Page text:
How to Body Surf

Three Methods:Finding the Right GearPlanning AheadCatching Waves

Catch a wave, but not like an amateur. You're a pro! Take these directions to the beach.

Method 1
Finding the Right Gear

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    Decide what you'll wear. You'll want to visit a surf shop if you don't already own adequate gear. Planning ahead can save you time and money, and can help prevent injuries.
    • Choose comfortable swimwear. Some experts recommend wearing swimwear with minimal drag, like brief-cut swimming trunks, to cut down on the resistance your body will have in the water.[1] The less resistance your body has, the faster and smoother your body will cut through the water. But water resistance isn't the only factor to consider.
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    Know the temperature. Unlike a typical outdoor outing, where the air temperature is the most important factor, body surfers need to take the water temperature into account. For this reason, you may want to wear a wetsuit to stay warm when the water is cold.
    • Choose the right wetsuit for your environment. There are many cuts and styles of wetsuits available, and where and when you will be body surfing will determine what kind of swim wear you'll need. The most important factors to consider are the thickness of the suit and the sleeve/leg length. These vary from short sleeves and legs, three-quarter length sleeves and legs, and full-length suits. [2]
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    Choose comfortable fins. Unlike traditional surfing, which uses a floatation device like a surfboard, body surfing uses only the surfer's body to ride waves. But that doesn't mean you have to navigate the waters without any assistance. Many body surfers wear fins that strap to the feet to help cut through water faster and ride waves more efficiently.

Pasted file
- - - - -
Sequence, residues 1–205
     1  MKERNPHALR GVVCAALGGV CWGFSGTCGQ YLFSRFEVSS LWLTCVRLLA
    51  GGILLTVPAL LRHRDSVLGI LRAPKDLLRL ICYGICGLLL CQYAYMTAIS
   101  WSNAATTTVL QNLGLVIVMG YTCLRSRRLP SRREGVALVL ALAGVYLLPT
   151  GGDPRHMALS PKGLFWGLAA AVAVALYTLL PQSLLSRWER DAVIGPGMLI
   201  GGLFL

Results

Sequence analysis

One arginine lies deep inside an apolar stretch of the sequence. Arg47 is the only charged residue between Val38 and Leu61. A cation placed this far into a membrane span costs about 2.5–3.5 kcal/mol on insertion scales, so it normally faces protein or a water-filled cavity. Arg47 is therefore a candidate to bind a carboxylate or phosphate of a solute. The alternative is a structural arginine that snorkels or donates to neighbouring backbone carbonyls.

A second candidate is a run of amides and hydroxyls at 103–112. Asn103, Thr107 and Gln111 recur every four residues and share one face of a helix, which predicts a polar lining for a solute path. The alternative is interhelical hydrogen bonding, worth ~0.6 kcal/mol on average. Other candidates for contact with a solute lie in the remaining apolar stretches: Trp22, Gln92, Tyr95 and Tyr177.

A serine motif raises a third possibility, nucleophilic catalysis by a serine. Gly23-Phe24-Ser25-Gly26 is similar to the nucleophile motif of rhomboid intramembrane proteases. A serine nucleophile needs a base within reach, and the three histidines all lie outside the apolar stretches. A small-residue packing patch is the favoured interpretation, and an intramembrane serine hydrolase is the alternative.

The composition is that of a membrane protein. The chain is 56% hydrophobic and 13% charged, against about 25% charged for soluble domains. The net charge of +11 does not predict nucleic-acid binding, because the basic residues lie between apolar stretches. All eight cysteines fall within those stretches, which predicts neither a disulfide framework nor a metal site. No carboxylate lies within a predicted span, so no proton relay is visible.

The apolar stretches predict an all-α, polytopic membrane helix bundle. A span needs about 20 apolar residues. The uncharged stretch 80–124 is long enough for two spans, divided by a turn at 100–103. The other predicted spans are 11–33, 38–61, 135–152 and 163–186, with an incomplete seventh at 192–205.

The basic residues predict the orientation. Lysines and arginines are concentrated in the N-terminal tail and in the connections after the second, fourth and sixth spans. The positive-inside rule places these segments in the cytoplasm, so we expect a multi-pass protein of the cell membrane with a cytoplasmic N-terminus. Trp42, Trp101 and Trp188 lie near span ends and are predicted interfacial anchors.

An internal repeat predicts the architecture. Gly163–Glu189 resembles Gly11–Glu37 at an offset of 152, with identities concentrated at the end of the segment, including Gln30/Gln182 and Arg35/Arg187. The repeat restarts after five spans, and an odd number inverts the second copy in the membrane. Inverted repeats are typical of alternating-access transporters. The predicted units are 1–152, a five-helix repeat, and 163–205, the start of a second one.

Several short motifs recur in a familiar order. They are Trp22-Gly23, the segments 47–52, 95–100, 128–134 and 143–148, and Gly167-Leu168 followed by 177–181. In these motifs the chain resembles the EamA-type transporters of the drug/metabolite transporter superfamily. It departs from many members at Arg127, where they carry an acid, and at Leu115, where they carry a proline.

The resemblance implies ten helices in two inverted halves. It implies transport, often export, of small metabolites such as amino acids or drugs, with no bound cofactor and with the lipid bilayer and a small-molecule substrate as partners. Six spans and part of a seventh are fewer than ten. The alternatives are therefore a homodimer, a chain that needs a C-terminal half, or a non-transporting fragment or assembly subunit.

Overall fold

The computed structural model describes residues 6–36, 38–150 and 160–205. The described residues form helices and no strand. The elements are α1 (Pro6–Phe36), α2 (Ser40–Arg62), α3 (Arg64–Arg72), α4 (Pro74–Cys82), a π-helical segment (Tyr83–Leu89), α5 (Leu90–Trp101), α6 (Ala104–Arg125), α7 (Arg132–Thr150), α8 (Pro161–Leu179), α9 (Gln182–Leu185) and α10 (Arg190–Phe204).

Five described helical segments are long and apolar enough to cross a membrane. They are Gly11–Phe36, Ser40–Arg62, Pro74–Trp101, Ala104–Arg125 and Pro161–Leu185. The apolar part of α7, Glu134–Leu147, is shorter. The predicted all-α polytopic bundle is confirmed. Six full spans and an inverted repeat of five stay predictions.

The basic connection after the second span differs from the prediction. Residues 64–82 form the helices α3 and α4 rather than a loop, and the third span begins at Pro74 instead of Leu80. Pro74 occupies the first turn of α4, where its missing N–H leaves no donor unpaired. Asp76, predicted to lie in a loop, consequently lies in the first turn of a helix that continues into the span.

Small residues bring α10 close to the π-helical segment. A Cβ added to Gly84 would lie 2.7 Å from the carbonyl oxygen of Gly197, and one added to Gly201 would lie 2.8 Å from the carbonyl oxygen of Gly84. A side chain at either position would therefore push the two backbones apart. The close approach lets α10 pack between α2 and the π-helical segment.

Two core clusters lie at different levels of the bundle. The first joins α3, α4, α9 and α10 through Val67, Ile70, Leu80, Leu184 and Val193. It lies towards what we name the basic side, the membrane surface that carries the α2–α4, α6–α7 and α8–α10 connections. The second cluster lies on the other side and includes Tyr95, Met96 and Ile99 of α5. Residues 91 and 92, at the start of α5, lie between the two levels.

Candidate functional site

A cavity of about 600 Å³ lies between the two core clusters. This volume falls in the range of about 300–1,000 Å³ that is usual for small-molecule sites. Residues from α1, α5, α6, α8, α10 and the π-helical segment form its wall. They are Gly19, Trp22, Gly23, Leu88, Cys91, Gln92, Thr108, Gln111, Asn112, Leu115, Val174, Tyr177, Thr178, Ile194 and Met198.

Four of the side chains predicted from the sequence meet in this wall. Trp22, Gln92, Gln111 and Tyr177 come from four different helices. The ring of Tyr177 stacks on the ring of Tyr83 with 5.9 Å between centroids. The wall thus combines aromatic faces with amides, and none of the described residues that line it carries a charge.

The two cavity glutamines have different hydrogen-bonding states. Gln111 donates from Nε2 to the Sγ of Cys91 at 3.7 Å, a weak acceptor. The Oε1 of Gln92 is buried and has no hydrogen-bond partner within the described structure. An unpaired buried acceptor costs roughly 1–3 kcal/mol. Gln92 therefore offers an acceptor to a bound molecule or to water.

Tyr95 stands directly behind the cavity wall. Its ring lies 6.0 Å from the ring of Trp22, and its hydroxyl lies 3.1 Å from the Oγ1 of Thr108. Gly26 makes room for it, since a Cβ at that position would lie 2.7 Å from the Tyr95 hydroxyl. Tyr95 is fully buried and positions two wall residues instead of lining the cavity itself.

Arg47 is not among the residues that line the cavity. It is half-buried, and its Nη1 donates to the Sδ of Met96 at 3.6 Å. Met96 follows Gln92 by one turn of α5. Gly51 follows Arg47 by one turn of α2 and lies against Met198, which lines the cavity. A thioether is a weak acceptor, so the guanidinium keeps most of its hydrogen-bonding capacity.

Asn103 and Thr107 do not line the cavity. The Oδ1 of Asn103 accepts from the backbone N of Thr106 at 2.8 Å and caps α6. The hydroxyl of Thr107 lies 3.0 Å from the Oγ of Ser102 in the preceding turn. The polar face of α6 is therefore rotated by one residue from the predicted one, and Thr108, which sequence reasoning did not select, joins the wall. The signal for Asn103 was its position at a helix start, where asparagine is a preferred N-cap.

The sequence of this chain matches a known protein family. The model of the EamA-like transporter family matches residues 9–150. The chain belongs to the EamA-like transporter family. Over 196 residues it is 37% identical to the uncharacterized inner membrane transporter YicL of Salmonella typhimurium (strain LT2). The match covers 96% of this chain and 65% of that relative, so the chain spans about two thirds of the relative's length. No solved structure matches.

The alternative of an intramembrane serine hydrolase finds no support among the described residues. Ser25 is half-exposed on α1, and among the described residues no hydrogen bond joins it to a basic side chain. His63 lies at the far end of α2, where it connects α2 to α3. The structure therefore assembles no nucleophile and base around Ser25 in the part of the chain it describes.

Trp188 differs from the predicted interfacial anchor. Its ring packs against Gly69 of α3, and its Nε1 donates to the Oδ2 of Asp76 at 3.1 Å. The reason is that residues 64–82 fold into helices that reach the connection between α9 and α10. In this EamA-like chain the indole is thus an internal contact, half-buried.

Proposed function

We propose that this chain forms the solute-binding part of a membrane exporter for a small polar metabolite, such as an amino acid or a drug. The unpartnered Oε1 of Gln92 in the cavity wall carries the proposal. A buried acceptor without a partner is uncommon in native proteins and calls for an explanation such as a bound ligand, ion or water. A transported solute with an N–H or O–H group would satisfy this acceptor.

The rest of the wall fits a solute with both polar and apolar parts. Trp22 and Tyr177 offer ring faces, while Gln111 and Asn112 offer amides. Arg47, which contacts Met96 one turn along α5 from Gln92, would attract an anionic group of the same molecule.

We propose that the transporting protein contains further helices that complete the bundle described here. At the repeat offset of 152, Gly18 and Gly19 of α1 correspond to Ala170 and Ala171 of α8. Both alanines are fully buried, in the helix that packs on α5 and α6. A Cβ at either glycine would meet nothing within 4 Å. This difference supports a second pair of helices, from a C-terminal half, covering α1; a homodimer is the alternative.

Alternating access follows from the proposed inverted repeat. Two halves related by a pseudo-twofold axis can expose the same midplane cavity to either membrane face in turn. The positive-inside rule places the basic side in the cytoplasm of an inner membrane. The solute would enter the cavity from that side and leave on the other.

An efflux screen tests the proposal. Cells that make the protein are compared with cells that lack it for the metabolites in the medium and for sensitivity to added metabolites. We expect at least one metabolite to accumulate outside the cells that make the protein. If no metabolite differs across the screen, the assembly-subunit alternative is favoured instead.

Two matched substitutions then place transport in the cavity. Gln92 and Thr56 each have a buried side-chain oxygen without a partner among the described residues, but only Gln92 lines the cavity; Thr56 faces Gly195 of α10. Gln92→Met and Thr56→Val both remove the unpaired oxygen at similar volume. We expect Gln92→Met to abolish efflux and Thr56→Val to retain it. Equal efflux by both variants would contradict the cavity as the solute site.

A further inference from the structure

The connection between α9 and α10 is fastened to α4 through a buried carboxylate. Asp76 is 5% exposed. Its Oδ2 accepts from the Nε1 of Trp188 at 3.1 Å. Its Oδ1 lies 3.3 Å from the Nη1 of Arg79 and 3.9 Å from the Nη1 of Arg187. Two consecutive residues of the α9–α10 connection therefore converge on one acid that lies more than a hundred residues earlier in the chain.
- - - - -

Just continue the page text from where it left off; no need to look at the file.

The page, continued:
• Find the right fit. Try on different pairs by different brands to find the pair that fits you best. You don't want fins that are too big or too tight. It may be helpful to think of fins as a natural appendage. They should move with you comfortably and help you swim more fluidly, rather than hinder you. [3]

Method 2
Planning Ahead

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    Find the right beach. Surfing of any kind requires a beach that has a noticeable surf break. This means that the water breaks, forming a surfable wave.
    • Choose the right waves. For beginners, it's best to start out small. Choose a beach with waves that are less than four feet high, and look for surf locations with gentle slopes. [4]
    • Know your breaks. Breaks are caused by a variety of factors, typically because of some underwater landscape change that causes the surface to rise up. While big waves can offer ideal opportunities for surfing, shore breaks can also create dangerous situations. Know the beach you plan to surf at and understand the potential hazards. [5]
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    Read surf reports. These reports, which are easily found online, can tell you vital information, such as wave heights and weather forecasts. Check the local weather listing and read updates from the coast guard, as well as from other surfers.